American day-trippers have been coming to TIJUANA, the definitive booze-soaked border town, in significant numbers since the 1950s. Visits crashed ninety percent between 2005 and 2009 thanks to escalating drug-related violence and subsequent US travel warnings, but things are much improved since then, and the main commercial drag, Avenida Revolución, or La Revo, has recovered some of its former colour. Indeed, police crackdowns have left central Tijuana safer than ever before, and drug violence rarely affects tourist areas.
Continue reading to find out more about...
Founded in 1889, Tijuana now has a population of almost two million, and despite its often shabby appearance, the region’s duty-free status and its legion of maquiladores (assembly plants) have helped make it one of the richest cities in Mexico. The city has developed dynamic arts and culinary scenes, with institutions like Centro Cultural Tijuana (CECUT) emerging as a breeding ground for home-grown artistic and cultural movements. In the Zona Río, beyond the areas where most tourists venture, you’ll find sophisticated restaurants, clubs and modern concrete and glass buildings, offering the best glimpse of Tijuana’s other life – one that has more in common with San Diego than the adult-themed carnival atmosphere of La Revo. And the food is fabulous – Tijuana excels at tasty street snacks but also boasts some of the best restaurants in Mexico.
Once not much more than a dusty roadside settlement between Rosarito and Ensenada at Hwy-1 km 44, Puerto Nuevo is nowadays known the length of the peninsula for its near-fanatical devotion to the local speciality that bears its name: Puerto Nuevo-style grilled Pacific lobster. Found off the coast and throughout the rest of the Pacific Rim, these lobsters don’t grow as large as their Atlantic counterparts (actually, they’re giant langoustines more closely related to shrimps) and they don’t have claws, but they’re just as delicious.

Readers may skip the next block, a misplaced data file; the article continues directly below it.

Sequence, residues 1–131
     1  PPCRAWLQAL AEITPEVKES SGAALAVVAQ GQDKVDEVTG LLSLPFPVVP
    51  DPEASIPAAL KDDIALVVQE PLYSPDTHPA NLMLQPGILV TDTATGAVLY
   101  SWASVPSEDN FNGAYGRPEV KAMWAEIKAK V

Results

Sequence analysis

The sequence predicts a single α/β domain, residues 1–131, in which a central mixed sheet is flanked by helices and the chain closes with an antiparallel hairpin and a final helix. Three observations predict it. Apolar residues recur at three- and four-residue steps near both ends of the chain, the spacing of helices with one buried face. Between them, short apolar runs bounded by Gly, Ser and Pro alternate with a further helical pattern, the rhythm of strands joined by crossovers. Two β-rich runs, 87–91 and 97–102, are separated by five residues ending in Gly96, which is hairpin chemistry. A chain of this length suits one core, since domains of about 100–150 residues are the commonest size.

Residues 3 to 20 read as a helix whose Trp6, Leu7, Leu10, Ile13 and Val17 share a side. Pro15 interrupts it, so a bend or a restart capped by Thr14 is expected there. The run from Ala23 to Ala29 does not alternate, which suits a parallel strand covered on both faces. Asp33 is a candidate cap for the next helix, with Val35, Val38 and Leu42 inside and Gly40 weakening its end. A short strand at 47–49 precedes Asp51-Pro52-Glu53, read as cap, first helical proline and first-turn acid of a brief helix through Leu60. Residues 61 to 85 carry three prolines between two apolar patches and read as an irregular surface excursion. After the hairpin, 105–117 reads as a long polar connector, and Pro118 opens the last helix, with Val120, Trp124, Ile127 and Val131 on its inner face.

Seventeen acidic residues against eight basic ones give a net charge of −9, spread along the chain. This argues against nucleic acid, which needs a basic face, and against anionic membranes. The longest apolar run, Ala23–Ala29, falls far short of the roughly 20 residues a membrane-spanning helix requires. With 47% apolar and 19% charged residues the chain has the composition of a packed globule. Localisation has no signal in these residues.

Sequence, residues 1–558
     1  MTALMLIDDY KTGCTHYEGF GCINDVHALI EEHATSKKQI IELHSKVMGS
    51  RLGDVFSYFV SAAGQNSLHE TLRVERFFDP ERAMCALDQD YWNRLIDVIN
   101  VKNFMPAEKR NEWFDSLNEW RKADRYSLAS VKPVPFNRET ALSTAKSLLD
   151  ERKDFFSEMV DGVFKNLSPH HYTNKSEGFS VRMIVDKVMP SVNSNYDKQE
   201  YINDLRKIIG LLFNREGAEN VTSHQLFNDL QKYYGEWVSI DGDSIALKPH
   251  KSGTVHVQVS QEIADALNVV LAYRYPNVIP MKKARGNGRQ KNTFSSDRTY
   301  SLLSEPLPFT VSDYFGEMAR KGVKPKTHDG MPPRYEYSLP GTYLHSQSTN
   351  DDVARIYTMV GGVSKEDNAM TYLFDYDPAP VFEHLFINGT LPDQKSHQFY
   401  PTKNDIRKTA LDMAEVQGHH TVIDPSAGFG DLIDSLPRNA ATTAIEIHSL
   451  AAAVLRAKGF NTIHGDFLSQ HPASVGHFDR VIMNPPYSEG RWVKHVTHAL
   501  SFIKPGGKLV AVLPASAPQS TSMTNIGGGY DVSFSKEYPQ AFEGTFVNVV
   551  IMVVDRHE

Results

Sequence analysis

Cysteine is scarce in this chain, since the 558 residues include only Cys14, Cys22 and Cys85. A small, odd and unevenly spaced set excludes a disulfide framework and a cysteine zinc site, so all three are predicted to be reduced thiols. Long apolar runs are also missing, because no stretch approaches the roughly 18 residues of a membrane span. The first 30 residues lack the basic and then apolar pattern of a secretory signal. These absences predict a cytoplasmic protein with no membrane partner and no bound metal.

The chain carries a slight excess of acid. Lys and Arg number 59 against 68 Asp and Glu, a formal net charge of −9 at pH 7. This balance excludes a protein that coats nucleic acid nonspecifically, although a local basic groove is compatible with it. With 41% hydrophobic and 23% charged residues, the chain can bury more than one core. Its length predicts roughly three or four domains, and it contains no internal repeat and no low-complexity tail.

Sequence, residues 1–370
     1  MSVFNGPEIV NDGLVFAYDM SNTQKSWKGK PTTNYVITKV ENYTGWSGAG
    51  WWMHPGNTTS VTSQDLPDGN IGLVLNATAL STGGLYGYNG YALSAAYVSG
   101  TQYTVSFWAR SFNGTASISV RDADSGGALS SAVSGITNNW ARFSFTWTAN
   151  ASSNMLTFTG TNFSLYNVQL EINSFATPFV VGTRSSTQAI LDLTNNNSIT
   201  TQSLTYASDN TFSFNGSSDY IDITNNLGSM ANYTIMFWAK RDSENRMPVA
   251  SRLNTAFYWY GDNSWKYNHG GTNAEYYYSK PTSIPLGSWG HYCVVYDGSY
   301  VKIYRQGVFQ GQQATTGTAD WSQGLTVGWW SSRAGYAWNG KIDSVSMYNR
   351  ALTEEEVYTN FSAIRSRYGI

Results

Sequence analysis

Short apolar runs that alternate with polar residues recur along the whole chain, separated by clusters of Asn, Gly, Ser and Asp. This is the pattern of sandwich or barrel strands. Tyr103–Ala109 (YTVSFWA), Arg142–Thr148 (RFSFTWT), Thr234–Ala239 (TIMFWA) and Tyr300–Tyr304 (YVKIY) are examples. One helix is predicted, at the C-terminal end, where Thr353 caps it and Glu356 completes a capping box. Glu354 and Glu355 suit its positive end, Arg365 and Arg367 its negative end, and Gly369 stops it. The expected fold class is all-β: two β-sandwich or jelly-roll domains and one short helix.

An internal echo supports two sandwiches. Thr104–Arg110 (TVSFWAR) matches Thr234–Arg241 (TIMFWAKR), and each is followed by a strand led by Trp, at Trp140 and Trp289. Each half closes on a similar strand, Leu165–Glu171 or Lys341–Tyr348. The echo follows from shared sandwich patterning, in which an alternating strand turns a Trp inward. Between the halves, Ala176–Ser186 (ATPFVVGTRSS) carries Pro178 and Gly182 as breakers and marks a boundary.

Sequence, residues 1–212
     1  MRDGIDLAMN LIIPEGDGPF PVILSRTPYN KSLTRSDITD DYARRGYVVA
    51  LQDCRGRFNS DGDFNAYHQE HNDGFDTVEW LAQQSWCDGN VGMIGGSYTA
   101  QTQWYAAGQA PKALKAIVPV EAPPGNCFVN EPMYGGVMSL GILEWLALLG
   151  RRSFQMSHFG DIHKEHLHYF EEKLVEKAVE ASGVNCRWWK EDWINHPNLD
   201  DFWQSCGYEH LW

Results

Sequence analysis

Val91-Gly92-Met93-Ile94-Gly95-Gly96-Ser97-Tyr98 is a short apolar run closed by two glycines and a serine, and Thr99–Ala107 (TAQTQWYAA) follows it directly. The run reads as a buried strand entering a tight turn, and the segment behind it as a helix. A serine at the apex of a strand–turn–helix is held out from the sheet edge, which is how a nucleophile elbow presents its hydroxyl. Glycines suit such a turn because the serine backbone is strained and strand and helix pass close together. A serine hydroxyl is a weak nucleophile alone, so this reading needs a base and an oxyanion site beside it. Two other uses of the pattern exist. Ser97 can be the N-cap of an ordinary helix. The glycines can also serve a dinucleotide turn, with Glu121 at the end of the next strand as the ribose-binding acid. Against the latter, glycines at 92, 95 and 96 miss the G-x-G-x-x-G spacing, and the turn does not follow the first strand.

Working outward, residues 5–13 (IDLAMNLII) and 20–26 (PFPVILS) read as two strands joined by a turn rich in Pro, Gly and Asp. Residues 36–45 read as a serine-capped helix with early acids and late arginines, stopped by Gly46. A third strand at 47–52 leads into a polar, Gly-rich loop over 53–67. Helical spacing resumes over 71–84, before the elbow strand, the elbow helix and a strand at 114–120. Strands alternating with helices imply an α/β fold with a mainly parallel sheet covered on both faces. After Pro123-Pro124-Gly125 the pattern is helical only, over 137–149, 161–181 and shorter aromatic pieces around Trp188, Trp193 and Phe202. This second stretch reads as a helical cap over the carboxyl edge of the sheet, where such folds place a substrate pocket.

Choosing where to sample the revered dish is made easy enough by the town’s one-way street plan, which juts to the west from Hwy-1; almost every one of the more than thirty restaurants here serves lobsters the same way, grilled and split in half with beans, rice and warm flour tortillas (M$150–300 depending on the size of the lobster). Most restaurants open 10am to 8pm on weekdays, with some open until 11pm Friday and Saturday. Cash only.
Baja Legends: Halfway House and La Fonda
Some 25km south of Rosarito, the legendary Halfway House (“halfway” between Tijuana and Ensenada, at Hwy-1 km 53; 661 614 0372), opened as a cantina in 1922 on a cliff overlooking the ocean. Today the old-fashioned dining room may have changed little since the 1920s, but the menu certainly has: think quality seafood and the infamous “golden cadillac” margaritas.
A little further south, at km 59.5 in La Misión, La Fonda Hotel (646 155 0308) was established in 1962 by Eve Stocker. The ageing, rustic Mexican inn comes with ocean views, great Sunday brunches and easy access to the beach (one of the best surf breaks in Baja). Eclectic decor, handmade furniture, a breezy deck and decent Bloody Marys at the bar (all-you-can drink on Sun) enhance the experience.